Despite an expected rise in passenger demand, an industry group downgraded its fiscal outlook on the airlines Tuesday, citing rising oil prices.

The International Air Transport Association now expects airlines to make $3 billion in profits this year, down $500 million from its earlier view provided in December.

The downgrade reflects a rise in the expected average price of oil to $115 a barrel, up from a previous forecast of $99. The average price year-to-date is approaching $120.

Carriers are heavily dependent on the volatile price of fuel. The industry group says the rise in oil will push fuel to 34% of average operating costs, causing the overall industry fuel bill to rise to $213 billion.

“The risk of a worsening eurozone crisis has been replaced by an equally toxic risk—rising oil prices,” IATA chief executive Tony Tyler said in a statement.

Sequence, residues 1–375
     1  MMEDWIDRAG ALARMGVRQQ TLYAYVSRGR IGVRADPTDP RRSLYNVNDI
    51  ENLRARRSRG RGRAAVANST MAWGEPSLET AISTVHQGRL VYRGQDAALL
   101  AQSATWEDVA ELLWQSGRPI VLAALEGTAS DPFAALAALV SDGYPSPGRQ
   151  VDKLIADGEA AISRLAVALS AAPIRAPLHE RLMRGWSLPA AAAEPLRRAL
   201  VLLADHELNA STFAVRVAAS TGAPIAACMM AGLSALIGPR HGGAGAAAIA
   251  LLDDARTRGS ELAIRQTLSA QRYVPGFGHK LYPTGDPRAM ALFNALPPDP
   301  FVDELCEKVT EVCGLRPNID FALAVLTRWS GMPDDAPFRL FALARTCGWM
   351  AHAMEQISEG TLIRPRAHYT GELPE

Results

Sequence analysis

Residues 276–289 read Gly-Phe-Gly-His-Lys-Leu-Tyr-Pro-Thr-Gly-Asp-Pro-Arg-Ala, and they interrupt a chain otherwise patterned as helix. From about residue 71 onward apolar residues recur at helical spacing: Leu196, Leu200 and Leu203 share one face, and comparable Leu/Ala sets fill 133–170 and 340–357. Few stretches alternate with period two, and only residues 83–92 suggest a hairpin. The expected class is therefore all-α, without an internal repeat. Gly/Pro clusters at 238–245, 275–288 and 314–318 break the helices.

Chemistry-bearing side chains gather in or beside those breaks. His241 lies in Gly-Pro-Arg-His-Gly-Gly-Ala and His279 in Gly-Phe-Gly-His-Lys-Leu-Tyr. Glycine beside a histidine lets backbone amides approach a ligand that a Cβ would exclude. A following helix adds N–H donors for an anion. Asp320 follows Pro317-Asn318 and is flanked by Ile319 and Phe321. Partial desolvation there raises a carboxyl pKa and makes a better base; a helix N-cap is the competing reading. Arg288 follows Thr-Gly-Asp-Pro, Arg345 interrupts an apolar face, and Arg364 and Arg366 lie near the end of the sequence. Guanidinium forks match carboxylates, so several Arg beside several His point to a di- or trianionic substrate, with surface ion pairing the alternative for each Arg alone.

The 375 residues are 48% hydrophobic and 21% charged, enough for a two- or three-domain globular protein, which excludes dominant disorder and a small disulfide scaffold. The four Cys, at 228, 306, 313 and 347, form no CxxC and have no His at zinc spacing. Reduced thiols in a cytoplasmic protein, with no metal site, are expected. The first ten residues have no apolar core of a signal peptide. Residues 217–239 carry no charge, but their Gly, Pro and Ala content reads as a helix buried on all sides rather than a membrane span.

By region, carriers in North America were the primary reasons for the downgrade, with the IATA reducing its view on their profit to $900 million from an earlier $1.7 billion.

IATA says the downgrade would have been worse had it not been for the easing of the eurozone crisis, an improvement in the U.S. economy, stability in the cargo market and slower-than-expected capacity expansion.

The group revised higher its view on passenger demand growth to 4.2%, which it says is a reflection of consumer confidence and stronger business travel.

Major airlines including Delta (NYSE:DAL) and United (NYSE:UAL) started to increase the number of more profitable routes offered to travelers earlier this year after a decline throughout 2011.

Capacity is projected to grow by 3.2% in 2012, behind the consensus of 3.6%, but load factor is two points above pre-recession levels.

Airline performance is closely tied to global GDP growth, with airlines usually reporting a collective loss when GDP growth drops below 2%. Now that GDP growth projections are at 2%, IATA said it will not “take much of a shock to push the industry into the red” this year.

On a happier note, the IATA revised upwards its estimated 2011 profits on the industry to $7.9 billion from $6.9 billion, led by better-than-expected performance by Chinese carriers.

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